Ring of Thieves

Ring of Thieves - Forbes (June 10, 2002) Aggressive...

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Forbes (June 10, 2002) Aggressive Accounting Ring of Thieves Neil Weinberg, 06.10.02 MCI introduced Walter Pavlo to a world of armed thugs, duffel bags stuffed with cash and phony accounting. Now, sitting in a South Carolina prison, he points a finger back at his former employer. Walter Pavlo has plenty of time these days to walk the track inside South Carolina's secluded Edgefield prison. He takes a daily stroll with Mark Whitacre, the Archer Daniels Midland whistle-blower who is serving a ten-and-a-half-year sentence for fraud. Surrounded by drug convicts, camp fences and rolling woodlands, they chat about their pasts and draw parallels to the scandals swirling around big corporations now--at Enron, at Arthur Andersen, in telecom. Pavlo, blond and still boyish at 39, committed his crimes at MCI as the telecom business roared in the mid-1990s. He is in the 15th month of a 41-month sentence for obstruction of justice, money laundering and mail fraud. An unremarkable rank-and-filer in a 25-person billing department, he says he cooked the books, under pressure from higher-ups, to help bolster MCI's growth. Pavlo employed an array of tricks--taught to him, he says, at MCI--to hide hundreds of millions of dollars in aging bad debts and clearly uncollectable receivables owed by a raft of upstart telecom resellers. In the process, he used the same sleight of hand to skim $6 million on the sly for himself and a couple of partners; for that he is doing soft time. The resellers stoked growth at a time when MCI, lit up by the halo of the Internet frenzy, was prettying itself up for a sale to someone bolder. The company, with Walter Pavlo's copious assistance, granted easy credit to dozens of fly-by-nights looking to lease its lines and resell service to businesses and consumers. It blithely let just about anyone, from raw rookies to pornographers and astrological touts, run up tens of millions of dollars in bills. Then, Pavlo says, MCI kept the receivables on its books long after any real hope of collecting had vanished--with the resellers themselves, in some cases. Banks, eager for high interest and fees, financed it all. It was his job, he says, to hold these losses to a minimum, even if doing so required deceptive means. His actions benefited MCI. The company filed a proxy with the Securities & Exchange Commission recommending a $20 billion buyout by British Telecom in 1997, just days after management knew it had fraud on its hands, according to a brief filed by a group of banks that sued MCI in 1997. That deal collapsed, and MCI then accepted a $41 billion offer from WorldCom months later. MCI denied the banks' allegations and has claimed it was duped by its own employees. At MCI only Pavlo and James B. Wilkie, a senior manager, have been punished (along with a third partner, an outsider named Harold R. B. Mann). For five years Pavlo has wondered when someone might take a hard look at the four levels above him, from his boss up to the chief financial officer--Douglas Maine,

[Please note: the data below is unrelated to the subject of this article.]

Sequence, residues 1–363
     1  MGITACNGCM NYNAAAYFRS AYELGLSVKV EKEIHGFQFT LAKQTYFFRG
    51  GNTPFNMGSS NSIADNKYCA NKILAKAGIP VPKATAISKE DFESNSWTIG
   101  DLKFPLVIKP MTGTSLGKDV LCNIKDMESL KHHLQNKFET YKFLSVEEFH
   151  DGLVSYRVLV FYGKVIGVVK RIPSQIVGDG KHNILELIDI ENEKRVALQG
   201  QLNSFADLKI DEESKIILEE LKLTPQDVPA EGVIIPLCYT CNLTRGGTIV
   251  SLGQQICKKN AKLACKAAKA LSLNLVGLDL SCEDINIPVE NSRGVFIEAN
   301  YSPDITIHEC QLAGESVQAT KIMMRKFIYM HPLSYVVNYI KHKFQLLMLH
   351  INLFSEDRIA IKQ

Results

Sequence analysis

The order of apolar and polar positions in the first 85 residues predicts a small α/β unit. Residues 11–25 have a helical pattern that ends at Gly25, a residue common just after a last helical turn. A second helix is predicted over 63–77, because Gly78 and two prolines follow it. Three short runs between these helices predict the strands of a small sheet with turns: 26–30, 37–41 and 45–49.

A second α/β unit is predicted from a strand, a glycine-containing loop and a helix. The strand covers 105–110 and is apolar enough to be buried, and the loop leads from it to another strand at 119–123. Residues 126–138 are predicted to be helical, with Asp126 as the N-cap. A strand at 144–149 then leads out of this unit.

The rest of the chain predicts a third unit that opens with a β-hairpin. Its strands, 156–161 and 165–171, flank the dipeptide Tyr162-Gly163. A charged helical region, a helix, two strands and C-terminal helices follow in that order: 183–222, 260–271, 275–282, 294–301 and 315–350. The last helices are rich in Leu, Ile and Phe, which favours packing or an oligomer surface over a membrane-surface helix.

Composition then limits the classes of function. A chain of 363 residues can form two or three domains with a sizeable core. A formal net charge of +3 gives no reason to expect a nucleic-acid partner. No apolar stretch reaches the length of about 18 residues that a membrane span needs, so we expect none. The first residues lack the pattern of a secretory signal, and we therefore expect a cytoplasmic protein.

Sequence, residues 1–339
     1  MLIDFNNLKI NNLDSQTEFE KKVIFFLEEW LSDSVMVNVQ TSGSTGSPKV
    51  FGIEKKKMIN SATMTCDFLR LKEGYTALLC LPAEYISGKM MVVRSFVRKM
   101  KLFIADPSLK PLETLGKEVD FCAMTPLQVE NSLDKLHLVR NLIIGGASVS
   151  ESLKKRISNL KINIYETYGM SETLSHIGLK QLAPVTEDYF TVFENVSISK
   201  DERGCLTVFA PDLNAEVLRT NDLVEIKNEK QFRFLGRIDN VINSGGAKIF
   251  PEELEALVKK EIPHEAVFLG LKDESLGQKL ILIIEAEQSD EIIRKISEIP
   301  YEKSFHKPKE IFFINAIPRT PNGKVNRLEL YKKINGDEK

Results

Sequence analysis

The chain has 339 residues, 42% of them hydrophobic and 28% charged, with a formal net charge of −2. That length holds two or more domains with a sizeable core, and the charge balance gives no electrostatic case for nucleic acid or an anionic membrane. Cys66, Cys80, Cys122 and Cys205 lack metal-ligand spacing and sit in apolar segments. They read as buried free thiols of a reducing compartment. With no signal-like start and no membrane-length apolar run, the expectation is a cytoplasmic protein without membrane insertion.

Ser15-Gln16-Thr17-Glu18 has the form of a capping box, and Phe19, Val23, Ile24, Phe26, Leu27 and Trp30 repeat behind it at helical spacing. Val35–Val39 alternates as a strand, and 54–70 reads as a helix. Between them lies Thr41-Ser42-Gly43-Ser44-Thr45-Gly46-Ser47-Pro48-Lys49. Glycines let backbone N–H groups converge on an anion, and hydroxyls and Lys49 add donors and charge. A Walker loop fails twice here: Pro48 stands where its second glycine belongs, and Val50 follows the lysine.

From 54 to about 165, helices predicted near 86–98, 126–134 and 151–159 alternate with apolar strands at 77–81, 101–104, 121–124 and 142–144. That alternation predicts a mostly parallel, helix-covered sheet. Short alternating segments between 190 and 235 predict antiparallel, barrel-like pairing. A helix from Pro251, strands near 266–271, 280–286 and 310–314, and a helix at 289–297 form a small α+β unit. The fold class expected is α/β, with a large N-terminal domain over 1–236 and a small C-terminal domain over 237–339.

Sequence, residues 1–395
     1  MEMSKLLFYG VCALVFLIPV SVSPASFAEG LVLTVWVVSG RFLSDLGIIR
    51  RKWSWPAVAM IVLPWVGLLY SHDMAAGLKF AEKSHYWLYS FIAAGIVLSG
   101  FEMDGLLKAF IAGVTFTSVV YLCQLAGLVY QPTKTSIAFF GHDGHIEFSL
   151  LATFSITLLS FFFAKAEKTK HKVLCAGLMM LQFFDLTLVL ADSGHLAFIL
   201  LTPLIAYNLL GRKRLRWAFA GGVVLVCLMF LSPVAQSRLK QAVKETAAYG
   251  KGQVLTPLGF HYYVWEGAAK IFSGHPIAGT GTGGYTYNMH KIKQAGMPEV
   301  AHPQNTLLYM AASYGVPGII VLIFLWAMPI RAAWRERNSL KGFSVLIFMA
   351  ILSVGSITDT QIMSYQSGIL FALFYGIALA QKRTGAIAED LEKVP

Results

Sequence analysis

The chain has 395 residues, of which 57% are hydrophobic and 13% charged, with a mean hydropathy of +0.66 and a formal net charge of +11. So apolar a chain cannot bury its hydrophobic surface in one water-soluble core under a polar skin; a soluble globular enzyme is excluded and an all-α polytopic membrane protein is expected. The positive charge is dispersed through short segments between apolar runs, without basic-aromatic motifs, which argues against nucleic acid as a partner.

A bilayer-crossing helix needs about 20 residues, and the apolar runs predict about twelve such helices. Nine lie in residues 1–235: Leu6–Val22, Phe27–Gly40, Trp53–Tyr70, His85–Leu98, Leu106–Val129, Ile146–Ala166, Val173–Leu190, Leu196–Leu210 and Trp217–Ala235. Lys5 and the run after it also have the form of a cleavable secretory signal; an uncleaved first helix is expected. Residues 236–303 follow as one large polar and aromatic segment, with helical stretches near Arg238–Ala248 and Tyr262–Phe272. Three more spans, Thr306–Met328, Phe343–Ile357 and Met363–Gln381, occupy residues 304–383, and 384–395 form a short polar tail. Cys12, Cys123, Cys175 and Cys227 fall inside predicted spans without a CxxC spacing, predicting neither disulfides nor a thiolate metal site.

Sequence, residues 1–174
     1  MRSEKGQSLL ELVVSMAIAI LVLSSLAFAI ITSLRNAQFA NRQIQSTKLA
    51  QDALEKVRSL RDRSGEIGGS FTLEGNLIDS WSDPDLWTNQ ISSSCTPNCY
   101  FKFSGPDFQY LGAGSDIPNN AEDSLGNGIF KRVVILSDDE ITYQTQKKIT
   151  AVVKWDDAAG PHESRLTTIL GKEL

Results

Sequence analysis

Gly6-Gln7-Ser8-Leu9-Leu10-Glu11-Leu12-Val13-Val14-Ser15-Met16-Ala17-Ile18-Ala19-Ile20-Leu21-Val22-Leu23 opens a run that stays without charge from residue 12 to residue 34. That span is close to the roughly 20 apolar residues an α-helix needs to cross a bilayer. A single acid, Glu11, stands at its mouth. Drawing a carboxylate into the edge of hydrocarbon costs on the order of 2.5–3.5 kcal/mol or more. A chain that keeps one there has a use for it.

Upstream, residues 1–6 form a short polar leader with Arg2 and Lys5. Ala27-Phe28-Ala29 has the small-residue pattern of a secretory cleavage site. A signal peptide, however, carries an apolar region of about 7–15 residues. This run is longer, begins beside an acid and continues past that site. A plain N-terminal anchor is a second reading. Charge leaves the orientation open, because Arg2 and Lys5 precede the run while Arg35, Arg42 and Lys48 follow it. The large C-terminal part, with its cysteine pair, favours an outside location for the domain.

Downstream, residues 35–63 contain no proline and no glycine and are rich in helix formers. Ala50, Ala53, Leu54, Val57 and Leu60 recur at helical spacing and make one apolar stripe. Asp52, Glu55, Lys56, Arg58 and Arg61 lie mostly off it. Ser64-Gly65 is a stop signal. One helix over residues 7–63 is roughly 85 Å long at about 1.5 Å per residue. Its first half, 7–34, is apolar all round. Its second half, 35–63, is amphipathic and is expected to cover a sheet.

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Ring of Thieves - Forbes (June 10, 2002) Aggressive...

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